Domain Name System (DNS) is one of the "cornerstone" services of an Active Directory domain (both Windows 2000 and Windows .NET), and you must use it in any domain structure based on Active Directory even if the forest root domain is not registered in the Internet DNS namespace. It is possible to exploit other DNS servers besides Microsoft DNS Server, but these servers must conform to specific requirements. You need not become a DNS guru, but you have to be familiar with all DNS essentials and its interoperation with the Active Directory.
Be careful! The system (even Windows .NET) permits promotion of a server to domain controller (i.e., installation of the Active Directory and creation of a domain) without specifying any DNS servers. However, this does not guarantee that your domain will work correctly. Quite the contrary! Nevertheless, such an approach can be useful in some cases (as a prelude to domain deployment) if you thoroughly understand all the details of DNS configuring and its interoperation with Active Directory.
You could, for example, first promote a server to DC, and then prepare a DNS server for dynamic updating of the appropriate zones. Enter the DNS server's IP address in the DC's TCP/IP properties, and reboot the DC (or restart the Netlogon service and execute the ipconfig /registerdns command). The result will be a fully operable configuration! The same procedure is used when you select another authoritative DNS server for a domain and want to re-register all necessary DNS records.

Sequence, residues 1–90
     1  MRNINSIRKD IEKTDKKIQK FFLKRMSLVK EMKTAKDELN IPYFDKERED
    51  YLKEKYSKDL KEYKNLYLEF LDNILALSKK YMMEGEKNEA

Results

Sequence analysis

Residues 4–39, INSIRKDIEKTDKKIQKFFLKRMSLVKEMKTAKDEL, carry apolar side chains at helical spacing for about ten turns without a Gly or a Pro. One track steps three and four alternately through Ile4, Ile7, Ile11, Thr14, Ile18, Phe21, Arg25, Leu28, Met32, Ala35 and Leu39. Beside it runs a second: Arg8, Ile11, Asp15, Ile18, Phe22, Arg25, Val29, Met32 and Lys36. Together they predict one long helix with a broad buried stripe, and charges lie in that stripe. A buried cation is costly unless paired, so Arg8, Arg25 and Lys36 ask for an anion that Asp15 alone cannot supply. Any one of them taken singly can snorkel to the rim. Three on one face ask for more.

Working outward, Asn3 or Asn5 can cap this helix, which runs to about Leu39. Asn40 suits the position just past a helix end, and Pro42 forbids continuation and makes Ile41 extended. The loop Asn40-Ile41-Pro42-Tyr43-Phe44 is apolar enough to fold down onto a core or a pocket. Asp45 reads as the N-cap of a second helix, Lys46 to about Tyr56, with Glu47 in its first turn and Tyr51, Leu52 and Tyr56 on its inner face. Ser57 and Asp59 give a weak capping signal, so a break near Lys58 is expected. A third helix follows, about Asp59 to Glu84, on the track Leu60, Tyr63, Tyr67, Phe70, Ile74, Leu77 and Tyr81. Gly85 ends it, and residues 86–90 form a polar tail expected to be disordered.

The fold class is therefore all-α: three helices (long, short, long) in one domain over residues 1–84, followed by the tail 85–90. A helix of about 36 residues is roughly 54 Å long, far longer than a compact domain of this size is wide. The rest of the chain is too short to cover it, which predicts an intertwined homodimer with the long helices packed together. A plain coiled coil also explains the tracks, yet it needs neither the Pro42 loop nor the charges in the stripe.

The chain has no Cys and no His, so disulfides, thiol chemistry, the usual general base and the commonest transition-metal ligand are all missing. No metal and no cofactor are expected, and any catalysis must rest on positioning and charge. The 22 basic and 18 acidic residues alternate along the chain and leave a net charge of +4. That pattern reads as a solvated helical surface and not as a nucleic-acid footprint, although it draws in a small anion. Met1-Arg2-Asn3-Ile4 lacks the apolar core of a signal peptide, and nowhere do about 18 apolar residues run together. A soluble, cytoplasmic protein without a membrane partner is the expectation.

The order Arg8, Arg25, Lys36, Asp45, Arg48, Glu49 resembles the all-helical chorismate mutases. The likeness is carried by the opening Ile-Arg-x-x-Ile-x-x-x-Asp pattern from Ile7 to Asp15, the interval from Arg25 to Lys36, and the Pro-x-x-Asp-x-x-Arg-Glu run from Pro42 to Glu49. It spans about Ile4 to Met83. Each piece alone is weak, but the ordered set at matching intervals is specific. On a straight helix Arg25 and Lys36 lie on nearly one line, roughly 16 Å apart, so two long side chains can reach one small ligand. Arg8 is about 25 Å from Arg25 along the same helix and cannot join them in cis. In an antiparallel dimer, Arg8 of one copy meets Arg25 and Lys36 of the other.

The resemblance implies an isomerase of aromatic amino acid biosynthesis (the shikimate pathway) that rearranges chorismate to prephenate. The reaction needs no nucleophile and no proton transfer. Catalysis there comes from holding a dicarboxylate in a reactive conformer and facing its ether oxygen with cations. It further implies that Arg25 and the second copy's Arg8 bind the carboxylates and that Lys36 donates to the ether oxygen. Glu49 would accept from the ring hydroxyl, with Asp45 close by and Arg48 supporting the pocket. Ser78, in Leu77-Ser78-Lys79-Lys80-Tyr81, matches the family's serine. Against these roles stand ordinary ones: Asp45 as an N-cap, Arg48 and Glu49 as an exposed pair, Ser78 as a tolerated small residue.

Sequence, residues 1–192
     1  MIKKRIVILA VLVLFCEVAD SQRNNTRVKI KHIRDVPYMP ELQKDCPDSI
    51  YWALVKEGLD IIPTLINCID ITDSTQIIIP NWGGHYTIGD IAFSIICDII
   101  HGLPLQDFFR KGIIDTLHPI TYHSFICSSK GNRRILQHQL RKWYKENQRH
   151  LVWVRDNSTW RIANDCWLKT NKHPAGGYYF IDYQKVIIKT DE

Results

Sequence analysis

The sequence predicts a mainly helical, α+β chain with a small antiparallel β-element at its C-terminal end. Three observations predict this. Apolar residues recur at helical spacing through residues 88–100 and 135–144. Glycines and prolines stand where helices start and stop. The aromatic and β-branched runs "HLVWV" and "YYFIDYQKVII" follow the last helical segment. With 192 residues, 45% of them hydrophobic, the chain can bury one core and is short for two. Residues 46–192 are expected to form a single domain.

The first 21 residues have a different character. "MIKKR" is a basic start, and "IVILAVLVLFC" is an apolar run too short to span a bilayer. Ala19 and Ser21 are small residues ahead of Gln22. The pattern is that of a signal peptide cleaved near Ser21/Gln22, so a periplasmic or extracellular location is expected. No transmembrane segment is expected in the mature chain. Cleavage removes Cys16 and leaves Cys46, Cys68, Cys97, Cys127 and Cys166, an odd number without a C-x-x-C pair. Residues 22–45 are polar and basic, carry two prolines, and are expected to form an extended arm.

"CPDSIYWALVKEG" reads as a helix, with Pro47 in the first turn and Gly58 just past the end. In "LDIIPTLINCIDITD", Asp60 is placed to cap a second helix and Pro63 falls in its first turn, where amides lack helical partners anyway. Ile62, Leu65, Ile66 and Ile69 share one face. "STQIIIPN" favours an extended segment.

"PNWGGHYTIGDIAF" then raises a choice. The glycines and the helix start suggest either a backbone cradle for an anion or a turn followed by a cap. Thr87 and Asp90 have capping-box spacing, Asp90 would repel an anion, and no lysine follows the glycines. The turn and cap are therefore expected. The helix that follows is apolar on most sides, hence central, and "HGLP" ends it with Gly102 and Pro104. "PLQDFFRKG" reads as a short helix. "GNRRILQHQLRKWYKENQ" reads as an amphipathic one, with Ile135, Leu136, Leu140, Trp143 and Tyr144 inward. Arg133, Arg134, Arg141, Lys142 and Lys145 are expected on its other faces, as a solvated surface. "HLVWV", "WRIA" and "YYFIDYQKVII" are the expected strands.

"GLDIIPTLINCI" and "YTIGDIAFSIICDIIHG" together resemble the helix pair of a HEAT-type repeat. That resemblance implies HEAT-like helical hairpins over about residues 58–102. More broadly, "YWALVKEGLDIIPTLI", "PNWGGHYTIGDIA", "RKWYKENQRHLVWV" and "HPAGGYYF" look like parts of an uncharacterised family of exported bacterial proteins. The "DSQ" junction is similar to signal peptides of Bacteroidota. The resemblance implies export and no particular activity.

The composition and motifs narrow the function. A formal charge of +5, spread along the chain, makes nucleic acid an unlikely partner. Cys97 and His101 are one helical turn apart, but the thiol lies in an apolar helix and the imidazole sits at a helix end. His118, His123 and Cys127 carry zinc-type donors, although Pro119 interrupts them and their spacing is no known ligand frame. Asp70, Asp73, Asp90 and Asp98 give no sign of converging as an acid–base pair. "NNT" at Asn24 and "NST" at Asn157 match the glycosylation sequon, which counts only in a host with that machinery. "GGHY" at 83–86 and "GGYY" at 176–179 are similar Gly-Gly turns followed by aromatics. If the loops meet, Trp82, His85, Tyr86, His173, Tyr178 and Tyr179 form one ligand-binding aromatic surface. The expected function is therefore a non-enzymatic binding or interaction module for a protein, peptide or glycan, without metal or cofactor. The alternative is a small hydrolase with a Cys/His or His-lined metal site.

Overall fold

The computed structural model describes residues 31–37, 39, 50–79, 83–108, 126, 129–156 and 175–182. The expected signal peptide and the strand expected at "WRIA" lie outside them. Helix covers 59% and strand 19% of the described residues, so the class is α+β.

This chapter covers some general aspects of Active Directory and DNS interoperation, as well as basic features of Microsoft DNS servers. In Chapter 4, "Windows .NET DNS Server", operations with native Microsoft DNS servers will be considered, and the DNS issues related to Active Directory deployment and maintenance will be considered in Chapter 5, "Installing Active Directory."
Name-resolving systems, such as DNS and WINS, are a vast, complex topic. There are plenty of good specialized books on TCP/IP, DNS, and Windows 2000 DNS Server in particular, and you may wish to read them to obtain a deeper understanding of the DNS system in general and its realization in Windows 2000. This information applies to Windows .NET DNS Server, too.
In this chapter and the entire book, "Microsoft DNS Server" refers to both Windows 2000 DNS Server and Windows .NET DNS Server. The differences between these products, if such exist, are specifically indicated when necessary.